Now he was back in his old prison cell with her, and he was kissing her deeply. She wrapped her arms tightly around him, clamped her legs about his legs to hold him tight, so he could not pull out, not even if he wanted to.

    Never had he kissed lips so soft. He had not known that there were lips so soft in the whole world. Her tongue, though, was sandpaper-rough as it slipped against his.

    —Who are you? he asked.

    She made no answer, just pushed him onto his back and, in one lithe movement, straddled him and began to ride him. No, not to ride him: to insinuate herself against him in series of silken-smooth waves, each more powerful than the one before, strokes and beats and rhythms that crashed against his mind and his body just as the wind-waves on the lake splashed against the shore. Her nails were needle-sharp and they pierced his sides, raking them, but he felt no pain, only pleasure, everything was transmuted by some alchemy into moments of utter pleasure.

    He struggled to find himself, struggled to talk, his head now filled with sand dunes and desert winds.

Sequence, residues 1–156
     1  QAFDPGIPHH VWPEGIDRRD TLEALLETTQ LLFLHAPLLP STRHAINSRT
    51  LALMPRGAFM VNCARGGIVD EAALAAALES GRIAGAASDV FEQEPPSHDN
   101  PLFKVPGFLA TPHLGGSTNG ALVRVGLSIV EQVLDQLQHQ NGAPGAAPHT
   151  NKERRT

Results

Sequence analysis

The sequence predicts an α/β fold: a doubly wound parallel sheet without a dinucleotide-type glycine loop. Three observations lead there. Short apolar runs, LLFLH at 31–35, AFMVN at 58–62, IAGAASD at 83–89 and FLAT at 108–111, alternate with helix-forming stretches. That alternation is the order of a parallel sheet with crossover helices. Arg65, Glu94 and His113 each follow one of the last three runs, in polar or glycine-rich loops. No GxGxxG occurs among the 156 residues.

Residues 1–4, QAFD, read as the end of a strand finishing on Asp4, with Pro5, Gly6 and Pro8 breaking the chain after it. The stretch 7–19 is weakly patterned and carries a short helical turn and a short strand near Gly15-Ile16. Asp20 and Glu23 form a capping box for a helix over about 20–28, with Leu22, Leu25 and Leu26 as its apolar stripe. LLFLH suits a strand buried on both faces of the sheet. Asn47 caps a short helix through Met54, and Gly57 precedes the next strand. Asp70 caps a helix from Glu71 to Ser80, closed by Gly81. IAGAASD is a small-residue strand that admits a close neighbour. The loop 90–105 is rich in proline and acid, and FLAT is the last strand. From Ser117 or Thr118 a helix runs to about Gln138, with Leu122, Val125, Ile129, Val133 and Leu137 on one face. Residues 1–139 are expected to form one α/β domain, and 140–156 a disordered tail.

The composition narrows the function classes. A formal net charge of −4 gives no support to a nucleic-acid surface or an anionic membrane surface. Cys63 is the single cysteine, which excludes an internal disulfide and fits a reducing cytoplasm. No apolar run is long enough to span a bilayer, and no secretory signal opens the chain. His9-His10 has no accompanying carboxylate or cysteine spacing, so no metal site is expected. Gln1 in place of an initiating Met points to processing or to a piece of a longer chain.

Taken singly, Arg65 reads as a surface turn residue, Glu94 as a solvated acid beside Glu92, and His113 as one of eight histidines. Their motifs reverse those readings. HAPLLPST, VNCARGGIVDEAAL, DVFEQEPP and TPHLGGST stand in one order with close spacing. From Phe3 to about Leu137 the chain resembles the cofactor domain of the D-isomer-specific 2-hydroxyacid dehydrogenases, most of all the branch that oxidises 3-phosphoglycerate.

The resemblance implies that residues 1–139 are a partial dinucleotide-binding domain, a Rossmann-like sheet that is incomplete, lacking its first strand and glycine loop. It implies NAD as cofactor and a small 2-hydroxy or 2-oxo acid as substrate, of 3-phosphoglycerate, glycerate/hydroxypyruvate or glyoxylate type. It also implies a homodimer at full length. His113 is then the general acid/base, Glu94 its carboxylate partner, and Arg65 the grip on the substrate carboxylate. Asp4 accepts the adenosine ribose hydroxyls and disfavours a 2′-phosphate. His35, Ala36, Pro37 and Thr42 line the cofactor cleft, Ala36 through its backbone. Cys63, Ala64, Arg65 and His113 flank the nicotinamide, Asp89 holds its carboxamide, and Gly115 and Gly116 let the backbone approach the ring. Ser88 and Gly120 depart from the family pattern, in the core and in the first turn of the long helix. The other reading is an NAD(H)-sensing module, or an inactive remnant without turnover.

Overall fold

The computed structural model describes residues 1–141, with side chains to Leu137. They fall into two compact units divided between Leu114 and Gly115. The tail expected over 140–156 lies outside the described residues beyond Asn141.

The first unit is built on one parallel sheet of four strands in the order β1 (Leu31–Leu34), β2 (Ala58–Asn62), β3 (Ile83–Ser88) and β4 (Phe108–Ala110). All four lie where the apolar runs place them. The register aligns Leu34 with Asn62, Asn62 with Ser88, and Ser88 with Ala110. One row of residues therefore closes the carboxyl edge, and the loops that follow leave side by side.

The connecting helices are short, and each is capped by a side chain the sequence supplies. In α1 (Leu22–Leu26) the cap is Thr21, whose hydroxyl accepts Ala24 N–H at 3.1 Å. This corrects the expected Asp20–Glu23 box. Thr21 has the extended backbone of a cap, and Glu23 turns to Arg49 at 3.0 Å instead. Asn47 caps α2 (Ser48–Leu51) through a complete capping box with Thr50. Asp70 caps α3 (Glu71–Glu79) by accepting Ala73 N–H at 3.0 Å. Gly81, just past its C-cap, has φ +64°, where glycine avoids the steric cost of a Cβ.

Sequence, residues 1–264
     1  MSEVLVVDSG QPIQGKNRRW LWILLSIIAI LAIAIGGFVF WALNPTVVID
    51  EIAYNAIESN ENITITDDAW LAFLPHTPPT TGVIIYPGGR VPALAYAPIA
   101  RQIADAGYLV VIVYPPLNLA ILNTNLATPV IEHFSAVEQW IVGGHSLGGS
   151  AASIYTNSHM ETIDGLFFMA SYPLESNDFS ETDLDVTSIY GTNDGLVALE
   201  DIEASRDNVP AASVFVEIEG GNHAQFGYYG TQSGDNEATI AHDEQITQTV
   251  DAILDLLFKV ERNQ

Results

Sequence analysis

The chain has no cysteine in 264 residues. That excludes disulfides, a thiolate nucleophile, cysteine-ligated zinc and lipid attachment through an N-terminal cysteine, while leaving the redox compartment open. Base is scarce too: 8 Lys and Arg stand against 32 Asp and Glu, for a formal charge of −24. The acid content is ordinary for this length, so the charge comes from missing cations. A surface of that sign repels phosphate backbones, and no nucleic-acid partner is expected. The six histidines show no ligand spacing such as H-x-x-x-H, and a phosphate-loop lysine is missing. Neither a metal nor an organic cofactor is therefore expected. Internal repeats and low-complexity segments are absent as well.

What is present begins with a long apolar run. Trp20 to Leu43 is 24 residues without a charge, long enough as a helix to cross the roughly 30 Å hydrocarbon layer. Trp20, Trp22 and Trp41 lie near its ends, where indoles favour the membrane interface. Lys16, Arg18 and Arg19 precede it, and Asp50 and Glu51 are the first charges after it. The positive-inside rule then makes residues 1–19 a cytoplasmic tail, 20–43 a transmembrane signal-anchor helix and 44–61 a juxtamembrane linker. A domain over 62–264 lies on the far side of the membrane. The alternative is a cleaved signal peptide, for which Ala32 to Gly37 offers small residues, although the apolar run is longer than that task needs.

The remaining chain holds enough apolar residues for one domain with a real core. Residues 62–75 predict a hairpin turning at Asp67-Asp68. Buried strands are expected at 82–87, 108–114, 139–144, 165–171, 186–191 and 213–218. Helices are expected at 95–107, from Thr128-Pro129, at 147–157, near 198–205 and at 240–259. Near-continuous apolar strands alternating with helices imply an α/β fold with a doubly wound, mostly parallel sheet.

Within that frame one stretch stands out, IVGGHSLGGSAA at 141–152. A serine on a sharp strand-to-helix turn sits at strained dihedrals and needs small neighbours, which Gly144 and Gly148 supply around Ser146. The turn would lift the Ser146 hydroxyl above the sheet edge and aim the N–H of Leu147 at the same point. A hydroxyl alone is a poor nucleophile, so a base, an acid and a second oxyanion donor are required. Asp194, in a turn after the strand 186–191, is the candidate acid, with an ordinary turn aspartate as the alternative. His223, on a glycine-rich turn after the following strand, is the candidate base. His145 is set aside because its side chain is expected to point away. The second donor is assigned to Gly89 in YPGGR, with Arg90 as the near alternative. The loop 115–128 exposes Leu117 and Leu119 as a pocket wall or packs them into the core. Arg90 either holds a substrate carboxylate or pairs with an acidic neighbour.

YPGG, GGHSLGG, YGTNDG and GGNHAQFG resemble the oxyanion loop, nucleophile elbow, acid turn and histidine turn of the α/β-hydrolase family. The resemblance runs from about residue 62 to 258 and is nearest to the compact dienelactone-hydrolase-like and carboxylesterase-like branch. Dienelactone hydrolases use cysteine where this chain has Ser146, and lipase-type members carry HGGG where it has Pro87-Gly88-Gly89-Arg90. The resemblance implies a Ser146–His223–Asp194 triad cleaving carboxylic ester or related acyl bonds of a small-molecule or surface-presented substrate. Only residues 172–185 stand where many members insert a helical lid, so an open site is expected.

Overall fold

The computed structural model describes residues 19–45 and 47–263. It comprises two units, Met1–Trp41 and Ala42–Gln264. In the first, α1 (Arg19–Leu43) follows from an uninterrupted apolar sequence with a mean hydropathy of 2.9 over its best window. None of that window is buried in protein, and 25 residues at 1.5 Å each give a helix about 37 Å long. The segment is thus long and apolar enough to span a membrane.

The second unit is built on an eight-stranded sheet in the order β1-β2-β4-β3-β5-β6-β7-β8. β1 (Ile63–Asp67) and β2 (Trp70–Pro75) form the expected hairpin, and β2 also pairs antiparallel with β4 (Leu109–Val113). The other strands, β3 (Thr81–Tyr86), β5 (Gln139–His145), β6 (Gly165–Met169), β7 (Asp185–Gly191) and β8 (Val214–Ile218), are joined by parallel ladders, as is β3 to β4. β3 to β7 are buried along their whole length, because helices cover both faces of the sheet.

—Who are you? he asked again, gasping for the words.

    She stared at him with eyes the color of dark amber, then lowered her mouth to his and kissed him with a passion, kissed him so completely and so deeply that there, on the bridge over the lake, in his prison cell, in the bed in the Cairo funeral home, he almost came. He rode the sensation like a kite riding a hurricane, willing it not to crest, not to explode, wanting it never to end.

    A desert wind alight with myrrh and golden amber, cardamom and honey, bourbon vanilla and cacao.

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  • Ded Moroz

    Grandfather Frost! Accompanied by his granddaughter, Snegurochka, the Snow Maiden, he bestows gifts to virtuous and hard-working people, rewarding their decency and integrity, and punishes those who are lazy, shiftless, and unkind, killing their fields with frost, cracking the trunks of their trees, and destroying their homes.